Incentivising transport and wider policy benefits

I may have mentioned before that transport plays a fundamental role in our lives.  As part of my PhD research, I am investigating the interaction between transport policy and wider policy issues.  We often talk about how better transport infrastructure and services generate wider economic benefits, but there are much wider and even more interesting connections…

Health is a very obvious connected area.  These 2 articles show practical applications:

http://www.wired.com/2013/11/squats-train-ticket/

http://inhabitat.com/france-is-paying-commuters-to-bike-to-work/

If we were to deploy transport policy as a tool to generate policy outcomes in social and environmental outcomes as well as economic ones, then what could we actually achieve?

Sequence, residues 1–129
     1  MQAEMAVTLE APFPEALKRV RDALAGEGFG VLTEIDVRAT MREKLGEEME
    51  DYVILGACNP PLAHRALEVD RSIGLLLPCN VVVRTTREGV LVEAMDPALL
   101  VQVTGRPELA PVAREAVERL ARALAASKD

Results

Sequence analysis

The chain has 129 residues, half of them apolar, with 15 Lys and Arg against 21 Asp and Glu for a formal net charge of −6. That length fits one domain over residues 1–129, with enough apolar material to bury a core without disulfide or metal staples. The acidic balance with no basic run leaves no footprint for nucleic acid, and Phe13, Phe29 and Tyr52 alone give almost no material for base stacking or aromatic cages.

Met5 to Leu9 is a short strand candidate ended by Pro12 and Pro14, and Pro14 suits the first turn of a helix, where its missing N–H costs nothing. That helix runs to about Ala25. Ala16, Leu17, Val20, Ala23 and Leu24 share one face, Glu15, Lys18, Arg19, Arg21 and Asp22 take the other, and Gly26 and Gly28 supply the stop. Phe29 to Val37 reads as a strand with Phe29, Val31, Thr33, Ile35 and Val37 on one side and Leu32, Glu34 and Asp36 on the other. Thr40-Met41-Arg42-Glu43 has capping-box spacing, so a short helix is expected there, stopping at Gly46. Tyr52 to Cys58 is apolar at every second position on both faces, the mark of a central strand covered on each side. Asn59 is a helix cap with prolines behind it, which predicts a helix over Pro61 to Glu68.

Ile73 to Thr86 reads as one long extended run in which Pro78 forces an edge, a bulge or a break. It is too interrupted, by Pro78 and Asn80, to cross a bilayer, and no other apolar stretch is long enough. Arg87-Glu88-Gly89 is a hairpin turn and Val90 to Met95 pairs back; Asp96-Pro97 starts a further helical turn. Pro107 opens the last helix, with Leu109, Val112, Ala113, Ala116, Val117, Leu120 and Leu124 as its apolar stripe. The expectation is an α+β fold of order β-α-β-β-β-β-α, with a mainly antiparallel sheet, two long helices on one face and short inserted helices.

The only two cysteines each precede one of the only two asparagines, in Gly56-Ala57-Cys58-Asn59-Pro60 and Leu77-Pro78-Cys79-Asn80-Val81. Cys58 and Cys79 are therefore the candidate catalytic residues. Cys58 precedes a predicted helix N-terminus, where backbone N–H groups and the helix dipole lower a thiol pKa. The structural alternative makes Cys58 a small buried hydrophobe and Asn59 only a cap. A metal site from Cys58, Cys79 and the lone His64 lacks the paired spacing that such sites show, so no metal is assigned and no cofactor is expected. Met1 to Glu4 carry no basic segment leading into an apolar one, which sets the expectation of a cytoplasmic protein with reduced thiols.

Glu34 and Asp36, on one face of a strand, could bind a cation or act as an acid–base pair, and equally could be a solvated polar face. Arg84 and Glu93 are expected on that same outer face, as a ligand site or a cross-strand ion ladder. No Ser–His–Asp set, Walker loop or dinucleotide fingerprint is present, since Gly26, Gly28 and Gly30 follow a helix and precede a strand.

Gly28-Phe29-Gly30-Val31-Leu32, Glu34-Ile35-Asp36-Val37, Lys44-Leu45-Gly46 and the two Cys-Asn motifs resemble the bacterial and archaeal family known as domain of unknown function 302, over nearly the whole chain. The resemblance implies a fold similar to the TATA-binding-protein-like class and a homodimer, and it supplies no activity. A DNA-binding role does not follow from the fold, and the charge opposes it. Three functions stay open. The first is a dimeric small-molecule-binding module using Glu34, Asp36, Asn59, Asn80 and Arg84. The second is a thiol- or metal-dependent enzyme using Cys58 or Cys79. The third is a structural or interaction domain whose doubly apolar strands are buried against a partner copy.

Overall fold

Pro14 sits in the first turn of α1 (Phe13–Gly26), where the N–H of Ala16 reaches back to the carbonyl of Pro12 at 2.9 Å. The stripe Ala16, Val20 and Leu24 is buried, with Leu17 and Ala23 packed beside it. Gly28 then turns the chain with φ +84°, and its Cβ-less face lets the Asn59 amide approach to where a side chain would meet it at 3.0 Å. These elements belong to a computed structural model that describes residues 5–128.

Active travel, more walking and cycling, encouraging health benefits – so a prescription (that could be measured), or an investment by the health sector to use transport to derive the sought after health outcomes – and delivering health improvements and reduced costs.

Pedestrianisation and cycle paths, refocusing urban realm on the space and its users and supporting active travel, as well as the potential air quality and pedestrian/cyclist safety improvements.

A shift of focus on parking policy, controlled by planning? or pricing? or shifted into different areas (edge of town/city centre) and making central areas accessible only by public or active travel modes.

There are plenty of examples, but the key is perhaps to take a more creative approach to policy-making combining creativity with the art of the possible.  The other vital point is an early cross-sector approach to how different areas of policy could collaborate to deliver mutually beneficial outcomes.  There is a long way to go but I hope to develop a wealth of research exploring these ideas further.

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